US Navy successfully tests an orbiting solar panel the size of a pizza box that could one day beam power from space to ANYWHERE on Earth

Home » Future » US Navy successfully tests an orbiting solar panel the size of a pizza box that could one day beam power from space to ANYWHERE on Earth

A pizza box sized solar panel in orbit is producing enough electricity to power an iPad, according to a succesful test of the technology by the US Navy. The Photovoltaic Radiofrequency Antenna Module (PRAM) was launched in May 2020 attached to a drone that loops around the Earth every 90 minutes and is designed to harness light from the sun to convert to electricity. The 12×12 inch panel is an early experiment for a technology that could one day harness solar radiation from the sun and beam it to anywhere on the Earth.

It is designed to make the best use of light in space, which doesn’t have to pass through the atmosphere where it loses energy before reaching the ground.

The Pentagon one day envisages an array of panels in space that could send power to even the most remote parts of the planet and create a new global power grid. No details on timelines or costings have been revealed as part of the study.

‘To our knowledge, this experiment is the first test in orbit of hardware designed specifically for solar power satellites, which could play a revolutionary role in our energy future,’ said Paul Jaffe, PRAM principal investigator. ‘Some visions have space solar matching or exceeding the largest power plants today – multiple gigawatts – so enough for a city,’ he told CNN.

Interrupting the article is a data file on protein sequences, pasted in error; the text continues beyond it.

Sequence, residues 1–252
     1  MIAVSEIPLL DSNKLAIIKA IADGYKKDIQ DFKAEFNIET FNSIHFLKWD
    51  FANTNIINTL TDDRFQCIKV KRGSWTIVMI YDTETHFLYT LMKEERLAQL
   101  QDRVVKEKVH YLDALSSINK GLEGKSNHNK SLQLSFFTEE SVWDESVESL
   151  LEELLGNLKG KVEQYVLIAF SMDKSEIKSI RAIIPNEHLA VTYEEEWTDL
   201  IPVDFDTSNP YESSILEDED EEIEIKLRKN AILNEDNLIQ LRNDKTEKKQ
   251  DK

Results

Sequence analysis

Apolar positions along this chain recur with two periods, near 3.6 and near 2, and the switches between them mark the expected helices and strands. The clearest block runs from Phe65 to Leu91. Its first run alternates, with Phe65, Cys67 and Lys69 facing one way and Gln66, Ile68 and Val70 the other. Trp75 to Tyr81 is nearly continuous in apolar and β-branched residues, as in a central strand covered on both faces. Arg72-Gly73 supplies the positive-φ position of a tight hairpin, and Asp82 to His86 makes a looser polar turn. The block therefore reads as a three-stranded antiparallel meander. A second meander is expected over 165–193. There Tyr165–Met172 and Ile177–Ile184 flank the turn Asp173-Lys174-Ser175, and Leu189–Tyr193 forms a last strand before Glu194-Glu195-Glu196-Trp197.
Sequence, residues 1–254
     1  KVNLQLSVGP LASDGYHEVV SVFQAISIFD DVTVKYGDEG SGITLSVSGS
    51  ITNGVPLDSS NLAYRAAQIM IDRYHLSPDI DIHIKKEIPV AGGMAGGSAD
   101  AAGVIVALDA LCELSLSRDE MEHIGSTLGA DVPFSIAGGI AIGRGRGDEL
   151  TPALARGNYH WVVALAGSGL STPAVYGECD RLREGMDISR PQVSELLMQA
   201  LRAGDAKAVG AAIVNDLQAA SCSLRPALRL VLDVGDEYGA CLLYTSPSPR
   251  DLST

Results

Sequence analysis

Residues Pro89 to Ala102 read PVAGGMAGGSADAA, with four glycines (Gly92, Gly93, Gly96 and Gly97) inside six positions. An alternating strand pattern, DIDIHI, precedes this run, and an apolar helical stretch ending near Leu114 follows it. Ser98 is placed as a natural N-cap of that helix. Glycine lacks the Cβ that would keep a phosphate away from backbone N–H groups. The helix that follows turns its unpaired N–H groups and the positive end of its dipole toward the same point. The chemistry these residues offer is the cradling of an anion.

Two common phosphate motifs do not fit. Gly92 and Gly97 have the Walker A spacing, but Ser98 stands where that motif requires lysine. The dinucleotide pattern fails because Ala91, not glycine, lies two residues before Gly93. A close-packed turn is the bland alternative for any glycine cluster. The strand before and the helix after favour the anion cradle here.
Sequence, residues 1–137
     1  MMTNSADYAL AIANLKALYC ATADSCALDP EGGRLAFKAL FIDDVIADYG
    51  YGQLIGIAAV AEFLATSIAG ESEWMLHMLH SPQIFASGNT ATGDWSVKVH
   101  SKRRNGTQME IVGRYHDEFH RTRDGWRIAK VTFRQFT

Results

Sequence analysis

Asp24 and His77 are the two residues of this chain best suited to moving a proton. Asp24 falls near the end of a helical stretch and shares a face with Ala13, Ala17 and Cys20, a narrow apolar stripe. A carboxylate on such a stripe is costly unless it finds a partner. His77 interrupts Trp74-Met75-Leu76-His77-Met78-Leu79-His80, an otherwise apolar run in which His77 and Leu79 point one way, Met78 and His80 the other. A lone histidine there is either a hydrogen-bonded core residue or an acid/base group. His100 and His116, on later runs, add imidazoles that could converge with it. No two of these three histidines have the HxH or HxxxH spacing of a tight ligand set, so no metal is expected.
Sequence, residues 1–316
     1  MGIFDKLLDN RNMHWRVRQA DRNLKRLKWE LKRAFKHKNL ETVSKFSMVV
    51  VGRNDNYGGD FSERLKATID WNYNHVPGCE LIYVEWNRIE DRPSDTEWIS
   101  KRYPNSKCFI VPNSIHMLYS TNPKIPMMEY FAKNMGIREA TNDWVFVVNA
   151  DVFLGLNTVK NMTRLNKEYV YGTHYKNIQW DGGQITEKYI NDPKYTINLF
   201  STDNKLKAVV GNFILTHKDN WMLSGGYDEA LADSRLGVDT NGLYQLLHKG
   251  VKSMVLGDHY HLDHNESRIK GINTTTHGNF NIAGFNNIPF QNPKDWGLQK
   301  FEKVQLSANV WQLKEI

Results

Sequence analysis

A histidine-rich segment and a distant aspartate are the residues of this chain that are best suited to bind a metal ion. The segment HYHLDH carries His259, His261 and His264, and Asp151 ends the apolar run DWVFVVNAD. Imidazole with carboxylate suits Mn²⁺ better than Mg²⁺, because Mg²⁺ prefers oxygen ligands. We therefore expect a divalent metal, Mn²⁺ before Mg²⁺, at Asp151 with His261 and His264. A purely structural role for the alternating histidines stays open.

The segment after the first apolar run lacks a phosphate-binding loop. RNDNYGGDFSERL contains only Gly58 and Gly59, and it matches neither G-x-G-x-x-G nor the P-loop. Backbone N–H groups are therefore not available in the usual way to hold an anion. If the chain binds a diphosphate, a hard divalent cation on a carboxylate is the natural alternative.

While this test technology can’t ‘beam power’ to the planet below, future versions could do just that – as the technology has already been shown to work. ‘The unique advantage the solar power satellites have over any other source of power is this global transmissibility,’ Jaffe said. ‘You can send power to Chicago and a fraction of a second later, if you needed, send it instead to London or Brasilia.’

The use of solar energy to operate satellites began at the start of the space age with Vanguard I, the first satellite to have solar cells. The concept of using solar panels in space, where the energy levels are higher, then beaming that power to the Earth isn’t a new concept.

It’s an idea first conjured by science-fiction writer Isaac Asimov in 1941 in his science fiction short story Reason where it was revealed a station a mile across was used as an ‘energy converter’ to gather sunlight and beam it across the solar system. Japan, China, Russia, the UK, and the US are all pursuing the idea of space-based power generation and Japan has it listed as a national goal.

This current experiment focuses on the energy conversion process and resulting thermal performance, a Navy spokesperson said. The hardware will provide researchers with temperature data, along with its efficiency in energy production that will drive future space solar development.

The point of this study is to determine whether space solar technology can be delivered at an economically viable price-point, the team said. Jaffe explained that ‘building hardware for space is expensive’ but that the costs are starting to come down, especially over the past decade.

This module is sat on the highly secretive US’ X-37B space plane – in fact, the module is the only aspect of the mission widely known – but future versions could be in a geosynchronous orbit around the Earth.